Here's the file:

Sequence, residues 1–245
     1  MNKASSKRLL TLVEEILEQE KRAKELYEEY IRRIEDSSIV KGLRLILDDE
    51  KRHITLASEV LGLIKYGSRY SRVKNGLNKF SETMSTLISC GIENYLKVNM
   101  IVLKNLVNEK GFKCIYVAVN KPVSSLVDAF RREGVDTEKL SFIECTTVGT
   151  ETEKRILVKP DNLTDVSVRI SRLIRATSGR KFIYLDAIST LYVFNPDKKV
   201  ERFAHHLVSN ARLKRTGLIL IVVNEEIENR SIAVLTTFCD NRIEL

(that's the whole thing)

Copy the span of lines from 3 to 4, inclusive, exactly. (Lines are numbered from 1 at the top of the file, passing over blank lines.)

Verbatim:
    51  KRHITLASEV LGLIKYGSRY SRVKNGLNKF SETMSTLISC GIENYLKVNM
   101  IVLKNLVNEK GFKCIYVAVN KPVSSLVDAF RREGVDTEKL SFIECTTVGT